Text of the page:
This episode benefited from a bit more emotional weight than most episodes of Brooklyn Nine-Nine. Jake spending time with his often mentioned but never before seen absentee dad was a great source of tension and emotional resonance. At the same time, the episode never suffered from tonal issues and found some great humor from the material.
Amy Harris for “Valerie is Brought to Her Knees” (The Comeback)
This was probably the most intense episode of The Comeback prior to the finale. Valerie has to act out a fantasy scene in Seeing Red where she gives a blow job to Paulie G. She’s obviously uncomfortable but tries to keep her usual chipper attitude. The quiet pay off with guest star Seth Rogen (who’s playing himself) helping her through the scene was such a surprising choice, where the writer chose to actually give Valerie a break, to great effect.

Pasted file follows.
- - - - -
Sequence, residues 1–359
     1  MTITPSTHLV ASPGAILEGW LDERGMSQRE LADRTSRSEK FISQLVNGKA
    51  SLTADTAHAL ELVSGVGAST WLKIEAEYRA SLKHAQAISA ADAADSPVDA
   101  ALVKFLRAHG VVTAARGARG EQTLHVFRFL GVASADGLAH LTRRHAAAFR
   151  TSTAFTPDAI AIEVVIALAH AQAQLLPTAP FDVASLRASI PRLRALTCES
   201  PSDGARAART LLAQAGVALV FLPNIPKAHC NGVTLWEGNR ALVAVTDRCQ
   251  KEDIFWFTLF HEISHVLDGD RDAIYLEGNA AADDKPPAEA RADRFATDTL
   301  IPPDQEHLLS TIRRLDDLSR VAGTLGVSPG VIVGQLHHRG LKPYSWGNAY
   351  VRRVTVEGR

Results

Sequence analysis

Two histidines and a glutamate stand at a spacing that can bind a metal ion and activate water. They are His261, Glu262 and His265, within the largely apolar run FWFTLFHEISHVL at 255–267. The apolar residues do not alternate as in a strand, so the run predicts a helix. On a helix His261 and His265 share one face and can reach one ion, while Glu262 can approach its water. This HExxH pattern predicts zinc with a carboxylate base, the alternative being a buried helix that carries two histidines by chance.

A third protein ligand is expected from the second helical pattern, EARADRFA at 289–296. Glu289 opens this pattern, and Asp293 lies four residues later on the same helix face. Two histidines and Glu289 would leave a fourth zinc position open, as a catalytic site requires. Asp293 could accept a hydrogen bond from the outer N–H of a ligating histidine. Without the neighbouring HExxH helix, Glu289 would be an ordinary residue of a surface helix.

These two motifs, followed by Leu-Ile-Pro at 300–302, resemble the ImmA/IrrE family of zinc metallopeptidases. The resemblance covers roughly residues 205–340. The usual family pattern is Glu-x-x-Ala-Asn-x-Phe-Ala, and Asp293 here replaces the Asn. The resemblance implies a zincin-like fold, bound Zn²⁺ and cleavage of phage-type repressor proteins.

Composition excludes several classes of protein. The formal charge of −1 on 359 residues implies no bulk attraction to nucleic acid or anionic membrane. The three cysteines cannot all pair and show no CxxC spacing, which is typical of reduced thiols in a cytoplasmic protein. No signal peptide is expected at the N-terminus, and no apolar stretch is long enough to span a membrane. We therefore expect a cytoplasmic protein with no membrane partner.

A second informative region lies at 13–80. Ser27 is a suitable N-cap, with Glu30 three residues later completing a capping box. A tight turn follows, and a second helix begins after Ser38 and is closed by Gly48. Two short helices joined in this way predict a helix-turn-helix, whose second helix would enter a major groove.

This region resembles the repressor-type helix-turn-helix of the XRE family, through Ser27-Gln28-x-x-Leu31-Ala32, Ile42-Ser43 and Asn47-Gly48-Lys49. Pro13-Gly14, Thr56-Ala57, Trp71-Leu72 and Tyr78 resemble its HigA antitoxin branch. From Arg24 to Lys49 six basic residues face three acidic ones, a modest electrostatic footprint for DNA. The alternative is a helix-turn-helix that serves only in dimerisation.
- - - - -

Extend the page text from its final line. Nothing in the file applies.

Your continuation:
Who should win:
Stephen Falk for “You Also Have a Pizza” (Orange is the New Black)
This sweet, funny and earnest episode explored the idea of love as the inmates celebrate Valentine’s Day. This led to a beautiful scene between Lorna and Suzanne. The flashbacks focused on Poussey Washington, who was easily one of the best characters of season two.
Who else should be nominated:
Thomas Higgins for “Now Hear This” (The Fosters)
There was so much incredible character work in this episode. It had one of the biggest forward moves in the relationship between Jude and Connor, heartbreaking conflict between Mariana and Callie and Callie’s continued struggle with keeping secrets from Stef and Lena.